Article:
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Waimea Shingon Mission comes together to help Maui

WAIMEA — If activity in the food ordering line was an indicator, the Waimea Shingon Mission food fundraiser on Sunday was a success.

“Items were being sold out even while we were waiting to order,” said Cheryl Shintani, who was chaperoning a pair of exchange students from the Yamaguchi University in Japan.

The fundraising effort was hosted to help the Lahaina Shingon Mission following the Aug. 8 wildfires on Maui that destroyed the 122-year-old temple and displaced the minister’s family.

“Right now, the Meguro family has gotten some help from the Federal Emergency Management Agency,” said Rev. Kohtoku Hirao of the Waimea Shington Mission. “They’re staying in Ka‘anapali. But that’s only until the end of September. We don’t know if they’ll continue to get help beyond that.”

Most of the main food offerings were sold out in the first half hour of the food sale that, similar to the bon season, drew on help from other Buddhist temples to man the stoves, prepare the food and service the customers.

The menu was based on the church’s bon dance offerings with many of the items not being available until the bon season.

“We didn’t know how much food to make,” said Patrick Watase of the Waimea Shingon Mission. “We based how much food on a Friday night bon dance that includes about 500 pieces of yakitori, and about 1,500 flying saucers. We didn’t do that much plate lunches, and we were able to put a team together to have about 500 andagi, too.”

Rev. Tomo Hojo, of the West Kaua‘i Hongwanji, was one of those helpers.

“I went to Maui after the fire that destroyed the Lahaina Hongwanji temple,” Hojo said. “We couldn’t get to the church in the burn zone, so we just did a short service from where we could go. Unfortunately, we have at least one from the Lahaina Hongwanji that’s still missing.”

Hojo extended the invitation from the Honpa Hongwanji Mission to everyone to participate in the special Maui Wildfires Memorial Service that will take place on Sept. 24 at 10 a.m.

“In Buddhist tradition, we have weekly services for 49 days,” the West Kaua‘i Hongwanji minister said. “Traditionally, ministers visit the family’s house and have services and speak to family members. This provides families and friends with grief care and spiritual support.”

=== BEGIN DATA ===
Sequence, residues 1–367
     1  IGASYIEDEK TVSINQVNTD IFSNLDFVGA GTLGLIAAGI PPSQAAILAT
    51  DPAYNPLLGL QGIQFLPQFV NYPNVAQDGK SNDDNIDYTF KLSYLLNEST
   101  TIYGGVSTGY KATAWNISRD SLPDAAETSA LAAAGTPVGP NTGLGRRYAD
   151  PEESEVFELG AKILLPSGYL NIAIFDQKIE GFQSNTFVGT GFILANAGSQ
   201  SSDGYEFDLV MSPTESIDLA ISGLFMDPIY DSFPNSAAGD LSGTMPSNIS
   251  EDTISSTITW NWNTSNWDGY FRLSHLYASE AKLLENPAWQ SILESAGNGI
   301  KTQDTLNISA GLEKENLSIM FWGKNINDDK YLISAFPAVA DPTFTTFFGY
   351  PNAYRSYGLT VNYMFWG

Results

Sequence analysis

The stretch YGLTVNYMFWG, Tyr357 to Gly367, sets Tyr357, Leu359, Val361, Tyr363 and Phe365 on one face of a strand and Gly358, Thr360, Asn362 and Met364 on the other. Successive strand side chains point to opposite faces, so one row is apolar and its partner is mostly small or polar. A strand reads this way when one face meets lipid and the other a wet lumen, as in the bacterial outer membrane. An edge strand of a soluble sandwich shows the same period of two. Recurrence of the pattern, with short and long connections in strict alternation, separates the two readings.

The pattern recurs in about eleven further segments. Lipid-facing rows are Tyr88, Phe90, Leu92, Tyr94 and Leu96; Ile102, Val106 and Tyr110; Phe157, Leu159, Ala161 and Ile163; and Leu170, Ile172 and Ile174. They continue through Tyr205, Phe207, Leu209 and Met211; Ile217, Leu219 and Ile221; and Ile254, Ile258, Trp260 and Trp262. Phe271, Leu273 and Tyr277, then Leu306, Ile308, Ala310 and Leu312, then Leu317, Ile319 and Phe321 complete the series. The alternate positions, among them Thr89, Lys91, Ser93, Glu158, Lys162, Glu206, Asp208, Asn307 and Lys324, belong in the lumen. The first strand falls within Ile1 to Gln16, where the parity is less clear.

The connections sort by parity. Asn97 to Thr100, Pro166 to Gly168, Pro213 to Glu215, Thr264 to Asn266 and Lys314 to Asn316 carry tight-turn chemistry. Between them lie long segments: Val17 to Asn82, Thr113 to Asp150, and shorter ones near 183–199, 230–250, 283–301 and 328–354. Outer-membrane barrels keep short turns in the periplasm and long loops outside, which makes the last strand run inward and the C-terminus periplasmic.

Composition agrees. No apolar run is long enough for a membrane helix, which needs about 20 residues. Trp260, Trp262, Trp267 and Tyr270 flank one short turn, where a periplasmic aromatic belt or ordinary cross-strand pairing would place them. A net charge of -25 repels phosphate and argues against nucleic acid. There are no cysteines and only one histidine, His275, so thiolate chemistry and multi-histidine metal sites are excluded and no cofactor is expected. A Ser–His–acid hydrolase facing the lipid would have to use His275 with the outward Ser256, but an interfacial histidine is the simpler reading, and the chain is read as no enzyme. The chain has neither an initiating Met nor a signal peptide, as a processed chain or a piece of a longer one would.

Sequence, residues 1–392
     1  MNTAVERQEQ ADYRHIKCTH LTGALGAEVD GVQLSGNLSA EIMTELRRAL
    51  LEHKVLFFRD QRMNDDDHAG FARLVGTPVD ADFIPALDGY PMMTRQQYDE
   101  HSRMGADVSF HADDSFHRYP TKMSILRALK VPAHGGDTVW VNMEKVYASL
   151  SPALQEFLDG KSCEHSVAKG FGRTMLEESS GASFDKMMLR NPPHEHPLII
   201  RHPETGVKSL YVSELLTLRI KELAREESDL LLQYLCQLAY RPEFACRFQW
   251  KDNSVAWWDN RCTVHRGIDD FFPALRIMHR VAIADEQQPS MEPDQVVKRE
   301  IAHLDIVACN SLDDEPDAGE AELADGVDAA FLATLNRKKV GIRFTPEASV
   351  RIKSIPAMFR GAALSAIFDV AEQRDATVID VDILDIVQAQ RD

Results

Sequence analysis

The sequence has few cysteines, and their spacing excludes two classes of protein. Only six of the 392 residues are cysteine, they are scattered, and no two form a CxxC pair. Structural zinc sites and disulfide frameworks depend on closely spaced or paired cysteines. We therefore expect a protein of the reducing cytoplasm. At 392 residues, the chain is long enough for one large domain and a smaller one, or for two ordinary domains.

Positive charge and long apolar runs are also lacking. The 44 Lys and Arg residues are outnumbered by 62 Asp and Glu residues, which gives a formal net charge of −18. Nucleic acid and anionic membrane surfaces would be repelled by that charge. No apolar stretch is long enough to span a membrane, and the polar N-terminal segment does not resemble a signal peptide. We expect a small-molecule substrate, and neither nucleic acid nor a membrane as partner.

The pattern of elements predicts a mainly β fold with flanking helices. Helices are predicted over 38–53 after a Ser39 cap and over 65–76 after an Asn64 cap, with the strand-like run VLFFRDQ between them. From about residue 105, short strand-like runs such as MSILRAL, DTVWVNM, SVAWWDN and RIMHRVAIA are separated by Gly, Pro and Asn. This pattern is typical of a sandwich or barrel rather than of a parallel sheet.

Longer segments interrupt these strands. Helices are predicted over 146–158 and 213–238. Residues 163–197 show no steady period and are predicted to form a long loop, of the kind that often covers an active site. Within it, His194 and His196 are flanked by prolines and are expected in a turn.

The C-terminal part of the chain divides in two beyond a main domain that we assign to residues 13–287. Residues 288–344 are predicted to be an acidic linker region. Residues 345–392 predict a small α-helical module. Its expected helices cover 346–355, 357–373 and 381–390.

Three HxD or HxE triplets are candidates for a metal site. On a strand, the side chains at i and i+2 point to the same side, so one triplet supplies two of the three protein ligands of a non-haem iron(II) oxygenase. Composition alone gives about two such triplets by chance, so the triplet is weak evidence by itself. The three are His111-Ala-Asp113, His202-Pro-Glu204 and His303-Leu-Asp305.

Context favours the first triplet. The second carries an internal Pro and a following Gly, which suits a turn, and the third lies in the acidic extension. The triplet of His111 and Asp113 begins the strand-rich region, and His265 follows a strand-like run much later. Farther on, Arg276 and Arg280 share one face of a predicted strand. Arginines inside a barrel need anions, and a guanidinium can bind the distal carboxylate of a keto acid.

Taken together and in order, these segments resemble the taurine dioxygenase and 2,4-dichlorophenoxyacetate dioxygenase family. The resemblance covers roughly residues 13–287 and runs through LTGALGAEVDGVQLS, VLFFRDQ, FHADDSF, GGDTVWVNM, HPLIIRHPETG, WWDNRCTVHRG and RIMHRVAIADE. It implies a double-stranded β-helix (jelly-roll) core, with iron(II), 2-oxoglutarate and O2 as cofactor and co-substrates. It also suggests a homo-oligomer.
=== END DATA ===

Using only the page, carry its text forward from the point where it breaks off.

The Maui wildfires started on Aug. 8, and Sept. 25 is the 49 Day Memorial Service.

“The closest Sunday is Sept 24 so we decided to have a service for all Maui wildfire victims,” Hojo said. “I will attend the service that is in-person at the Honpa Hongwanji in Honolulu. Others are invited to participate through the Zoom platform.”

The state ministers association, assisted by the Maui District Ministers Association, will host a memorial service for the Maui wildfires under the guidance of newly-elected Bishop Toshiyuki Umitani.

Participants unable to attend the Honolulu service can participate by registering online at https://forms.gle/QfqQGpweBZR4GvJm8. Registrants will receive a confirmation email, and a zoom link a week prior to the service.

All donations from the service will go to the Honpa Hongwanji Mission of Hawai‘i Maui Wildfire Disaster Relief Fund. Contributions can be done online at www.hongwanjihawaii.com and clicking on the “Maui Wildfire Disaster Relief” button under the “Donate” tab.

“We have been watching in disbelief, the tremendous destruction caused by the recent wildfires on Maui. The loss of life, livelihood, and property has been devastating. Lahaina Hongwanji and its Sangha were directly affected by the fires,” states a letter signed by Bishop Umitani, Dr. Warren Tamamoto, president, and Rev. Blayne Higa, chair of the Committee on Social Concerns.

“The temple, columbarium, classroom building, and minister’s residence were completely destroyed in the horrific fires that devastated historic Lahaina town. Many temple members were forced to evacuate, and many homes were burnt to the ground. Our hearts go out to all who have been impacted by this disaster. As residents, and our fellow Sangha members begin the process of rebuilding and healing, the Hawai‘i Kyodan is committed to supporting relief efforts on Maui.”
Source: The Garden Island

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